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I need to share a SQL Server 2008 R2 DB with the development team. The data is classified but the schema and the volumes are not. The DB includes all primitive types (long, decimal, nvarchar etc.) but also: XML- some of the XMLs have schemas outside of the DB (application is writing to it). I would expect a masking process to only go on the value and the attribute values, leaving the elements and the attributes as is. Geometry and Geography- the expected behaviour is for the data to maintain the following characteristics: shape and complexity, number of rings (polygon), number of vertices, coordinate system, area. This does not have to be one to one, but if we have a very complex polygon the developers should have something similar in their environment.

How can I scramble the data to declassify it?

closed as too broad by Kin Shah, Philᵀᴹ, Paul White Nov 30 '15 at 10:33

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    MSSQL Tips has a good article on data masking. – Max Vernon Nov 20 '15 at 19:02
  • Are you trying to obfuscate the data or actually prevent the developers (and others) from accessing it? – Dave Nov 20 '15 at 19:08
  • thanks @MaxVernon, what would I do with the special types? – user5495269 Nov 20 '15 at 19:11
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    hmmm... without knowing more about the requirements of that data it is hard to say; however you might start by considering randomly generating the spatial data. Does the xml data need to be a specific schema, or can it be randomized? Lots of questions; this may be too broad a question for this site. – Max Vernon Nov 20 '15 at 19:13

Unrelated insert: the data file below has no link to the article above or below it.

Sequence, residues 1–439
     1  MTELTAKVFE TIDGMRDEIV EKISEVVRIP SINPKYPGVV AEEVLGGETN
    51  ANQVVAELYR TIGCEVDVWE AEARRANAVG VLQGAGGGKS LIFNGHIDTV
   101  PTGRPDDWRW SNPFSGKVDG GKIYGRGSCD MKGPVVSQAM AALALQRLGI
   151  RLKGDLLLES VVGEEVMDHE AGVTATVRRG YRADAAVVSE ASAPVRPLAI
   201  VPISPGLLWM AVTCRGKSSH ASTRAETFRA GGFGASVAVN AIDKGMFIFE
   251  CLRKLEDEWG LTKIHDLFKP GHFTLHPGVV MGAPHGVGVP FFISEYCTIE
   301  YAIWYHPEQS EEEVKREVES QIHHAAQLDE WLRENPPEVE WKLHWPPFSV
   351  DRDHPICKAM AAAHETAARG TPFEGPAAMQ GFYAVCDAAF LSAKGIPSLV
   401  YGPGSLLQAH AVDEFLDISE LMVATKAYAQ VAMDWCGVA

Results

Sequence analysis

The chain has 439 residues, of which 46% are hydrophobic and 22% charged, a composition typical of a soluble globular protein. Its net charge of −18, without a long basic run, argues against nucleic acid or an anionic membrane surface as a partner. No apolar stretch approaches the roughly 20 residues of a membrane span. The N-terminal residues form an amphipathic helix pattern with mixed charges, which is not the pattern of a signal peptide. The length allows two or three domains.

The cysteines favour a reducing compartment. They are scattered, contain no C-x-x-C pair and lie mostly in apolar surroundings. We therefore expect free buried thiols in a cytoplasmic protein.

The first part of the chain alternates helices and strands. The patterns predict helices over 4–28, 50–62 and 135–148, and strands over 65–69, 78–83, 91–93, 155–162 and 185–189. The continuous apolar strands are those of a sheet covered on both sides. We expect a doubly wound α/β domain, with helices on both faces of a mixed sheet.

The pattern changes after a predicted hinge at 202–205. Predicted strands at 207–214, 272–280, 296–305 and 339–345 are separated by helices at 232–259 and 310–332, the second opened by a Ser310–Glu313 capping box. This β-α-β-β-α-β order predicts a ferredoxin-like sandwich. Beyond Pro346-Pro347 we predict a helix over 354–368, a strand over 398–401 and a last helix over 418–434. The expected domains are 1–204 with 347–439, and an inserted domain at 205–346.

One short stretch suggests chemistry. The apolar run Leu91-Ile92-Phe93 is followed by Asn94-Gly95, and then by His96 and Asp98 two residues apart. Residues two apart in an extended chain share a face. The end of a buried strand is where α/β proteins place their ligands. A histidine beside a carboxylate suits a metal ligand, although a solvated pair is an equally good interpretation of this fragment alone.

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    I think it can be salvaged, you just need better specific requirements. What geo/XML values would you want in place of the ones that are there now? What part(s) of those values need to be masked? Can the masked copy be gibberish, or does it still need to make sense (conforms to specific XML schema, or is just valid XML; is a valid geographic location; etc)? Does it have to be the same size, or can you replace all values with placeholders? – Aaron Bertrand Nov 20 '15 at 19:20
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I'm going to suggest the following so that you can 1) Share the entire DB definition with developers and 2) allow them, or you, to recover after they mess it up.

Download SSDT and create a database project. Then import your database and remove any configuration/settings/accounts/etc. that shouldn't be seen. You can now simply Publish the database (or just share the visual studio project!) to any server with no data included for your developers to work with. They can populate it with fake data for dev/testing as needed. If you need to provide XML schemas then include that along with your other development requirements.

Developers are smart... if you truly don't want them to have the data then don't give it to them. Even developers with access to production data sets will often generate test data for various reasons, not least of which is that production data may not fulfill test cases.

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